- Video and WebRTC occupy a major role for Enterprise Connect conference sessions as well as planned announcements.
- Cloud and mobility are constants in the collaboration marketplace, as enterprises increasingly embrace usage-based collaboration and communications solutions as well as manage employee demand for mobility options.
Next week, I will join my colleagues in Orlando, Florida at Enterprise Connect, one of the longest-running voice/UC/collaboration trade shows in the industry and a great opportunity to spend some time with companies I speak with frequently and get a look at new entrants to the market. A quick glance down a recent list of upcoming show announcements included (not surprisingly) a long list of WebRTC and video-related launches along with a healthy dose of contact center enhancements. I’m particularly interested to get an update on where WebRTC stands in the collaboration and communications service landscape. Last year, WebRTC figured prominently at Enterprise Connect, with an entire mini-conference on the topic, and that is the case again in 2014. WebRTC is still in its early stages: there are a number of aspects of the service still under development, and WebRTC is still not supported by Microsoft Internet Explorer or Apple Safari web browsers. Over the long term, WebRTC has the potential to be a real disrupter in the market, letting vendors and service providers implement easy-to-use voice and video applications for B2B and B2C communications. Video, specifically ‘personal’ desktop applications, is another topic that seems to be generating a fair bit of buzz and publicity in advance of the show, as providers add services and features that take the complexity out of video conferencing in a bid to make it as easy to use as audio.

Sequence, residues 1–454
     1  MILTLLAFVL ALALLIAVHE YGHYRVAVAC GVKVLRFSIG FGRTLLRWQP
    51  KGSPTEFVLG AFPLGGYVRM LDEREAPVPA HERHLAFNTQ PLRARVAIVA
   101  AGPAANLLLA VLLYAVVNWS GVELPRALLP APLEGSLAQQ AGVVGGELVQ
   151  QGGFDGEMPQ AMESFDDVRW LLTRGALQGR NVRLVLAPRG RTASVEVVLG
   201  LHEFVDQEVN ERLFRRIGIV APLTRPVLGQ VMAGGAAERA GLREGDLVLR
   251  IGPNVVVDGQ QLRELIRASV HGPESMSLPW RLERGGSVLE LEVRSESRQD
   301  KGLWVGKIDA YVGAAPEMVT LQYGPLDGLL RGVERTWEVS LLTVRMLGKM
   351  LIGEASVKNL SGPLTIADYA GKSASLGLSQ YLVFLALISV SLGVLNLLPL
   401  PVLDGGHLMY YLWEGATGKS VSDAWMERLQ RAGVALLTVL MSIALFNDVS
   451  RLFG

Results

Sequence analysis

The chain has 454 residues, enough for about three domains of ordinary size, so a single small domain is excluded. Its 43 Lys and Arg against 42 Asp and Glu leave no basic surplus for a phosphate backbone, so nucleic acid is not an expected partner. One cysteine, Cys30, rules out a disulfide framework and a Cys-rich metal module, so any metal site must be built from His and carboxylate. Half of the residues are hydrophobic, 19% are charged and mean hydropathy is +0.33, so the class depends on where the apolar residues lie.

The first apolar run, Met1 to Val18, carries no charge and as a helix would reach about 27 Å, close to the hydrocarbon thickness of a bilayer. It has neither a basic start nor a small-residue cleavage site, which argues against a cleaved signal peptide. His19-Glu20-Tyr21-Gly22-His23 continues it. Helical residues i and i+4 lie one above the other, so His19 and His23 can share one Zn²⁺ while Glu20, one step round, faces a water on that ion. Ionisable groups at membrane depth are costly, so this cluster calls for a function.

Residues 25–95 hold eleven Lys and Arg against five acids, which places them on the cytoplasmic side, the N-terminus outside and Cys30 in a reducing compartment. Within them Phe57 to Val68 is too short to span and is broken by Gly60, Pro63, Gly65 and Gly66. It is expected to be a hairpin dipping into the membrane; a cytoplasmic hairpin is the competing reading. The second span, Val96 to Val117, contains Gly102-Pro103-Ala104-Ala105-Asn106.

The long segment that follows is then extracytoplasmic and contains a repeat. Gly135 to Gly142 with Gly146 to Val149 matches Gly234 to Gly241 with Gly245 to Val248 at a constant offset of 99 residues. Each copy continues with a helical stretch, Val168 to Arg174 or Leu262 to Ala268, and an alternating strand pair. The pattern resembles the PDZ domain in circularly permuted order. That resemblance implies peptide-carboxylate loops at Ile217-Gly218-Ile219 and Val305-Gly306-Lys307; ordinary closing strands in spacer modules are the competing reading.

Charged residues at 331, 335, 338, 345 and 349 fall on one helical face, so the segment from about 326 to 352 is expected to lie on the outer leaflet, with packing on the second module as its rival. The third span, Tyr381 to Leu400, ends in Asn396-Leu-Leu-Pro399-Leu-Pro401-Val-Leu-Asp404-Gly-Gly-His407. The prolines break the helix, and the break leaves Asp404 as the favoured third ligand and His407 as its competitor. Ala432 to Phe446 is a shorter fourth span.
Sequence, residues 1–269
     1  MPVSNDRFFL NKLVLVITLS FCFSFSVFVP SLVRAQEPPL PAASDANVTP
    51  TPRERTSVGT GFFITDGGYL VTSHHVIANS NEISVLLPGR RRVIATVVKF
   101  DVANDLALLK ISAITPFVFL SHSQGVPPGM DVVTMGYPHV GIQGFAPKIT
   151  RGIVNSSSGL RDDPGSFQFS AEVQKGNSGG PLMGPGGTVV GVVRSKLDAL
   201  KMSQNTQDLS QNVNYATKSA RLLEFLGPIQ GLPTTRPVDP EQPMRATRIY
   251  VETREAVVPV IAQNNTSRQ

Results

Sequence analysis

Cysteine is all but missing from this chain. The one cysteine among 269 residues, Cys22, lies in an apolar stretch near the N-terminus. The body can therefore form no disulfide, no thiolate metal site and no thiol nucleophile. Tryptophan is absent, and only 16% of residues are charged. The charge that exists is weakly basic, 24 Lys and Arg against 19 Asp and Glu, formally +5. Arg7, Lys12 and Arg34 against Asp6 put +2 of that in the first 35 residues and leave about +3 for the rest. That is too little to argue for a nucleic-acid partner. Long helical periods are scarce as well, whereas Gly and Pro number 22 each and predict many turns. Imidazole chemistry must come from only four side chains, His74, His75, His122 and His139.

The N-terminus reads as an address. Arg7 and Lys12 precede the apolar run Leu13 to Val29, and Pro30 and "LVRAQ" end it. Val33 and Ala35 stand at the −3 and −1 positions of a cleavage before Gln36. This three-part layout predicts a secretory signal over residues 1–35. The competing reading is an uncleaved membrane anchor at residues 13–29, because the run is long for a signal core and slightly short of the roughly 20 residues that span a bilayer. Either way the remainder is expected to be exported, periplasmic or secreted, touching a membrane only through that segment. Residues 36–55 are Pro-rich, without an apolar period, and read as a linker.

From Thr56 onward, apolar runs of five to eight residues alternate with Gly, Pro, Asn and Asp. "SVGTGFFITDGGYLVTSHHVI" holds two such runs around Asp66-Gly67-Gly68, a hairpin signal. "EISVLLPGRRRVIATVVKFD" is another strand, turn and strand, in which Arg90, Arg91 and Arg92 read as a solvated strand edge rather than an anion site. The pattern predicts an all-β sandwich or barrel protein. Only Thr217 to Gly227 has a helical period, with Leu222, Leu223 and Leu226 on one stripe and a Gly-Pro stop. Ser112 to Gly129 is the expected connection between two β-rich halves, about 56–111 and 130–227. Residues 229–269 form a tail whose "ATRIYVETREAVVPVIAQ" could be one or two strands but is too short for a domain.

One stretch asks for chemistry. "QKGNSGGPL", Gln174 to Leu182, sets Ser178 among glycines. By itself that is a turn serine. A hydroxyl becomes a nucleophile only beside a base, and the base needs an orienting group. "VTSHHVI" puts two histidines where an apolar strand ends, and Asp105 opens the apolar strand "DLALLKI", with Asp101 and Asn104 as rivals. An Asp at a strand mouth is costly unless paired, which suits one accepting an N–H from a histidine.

Analytics, and the use of analytics for contextual communications, is an area that I expect to hear more about in contact center discussions. The ability to gather large volumes of information and to parse that information into actionable items plays directly into the enterprise focus on improving user experience to facilitate customer retention and upselling. Collecting details from customer activities on a company website, social networking site, or communications with a contact center agent, and being able to quickly turn that data into actionable information, is a significant opportunity. Enterprises could use such analytics to optimize their activities around everything from marketing campaigns and customer satisfaction monitoring to customer support and product development.
Last, but certainly not least, are cloud and mobility. These capabilities are a constant today when it comes to collaboration and communication services. Businesses still use premises-based services, and desk phones have not yet gone the way of the dinosaur (contrary to what some in the market might claim). Vendors and service providers must support hybrid deployment models: public and private cloud, premises-based and cloud services, fixed and mobile devices. As for mobility, consumers (and consequently business users) increasingly use mobile devices for a multitude of personal and professional activities. Vendors and service providers must enable enterprises to meet, and manage, this demand.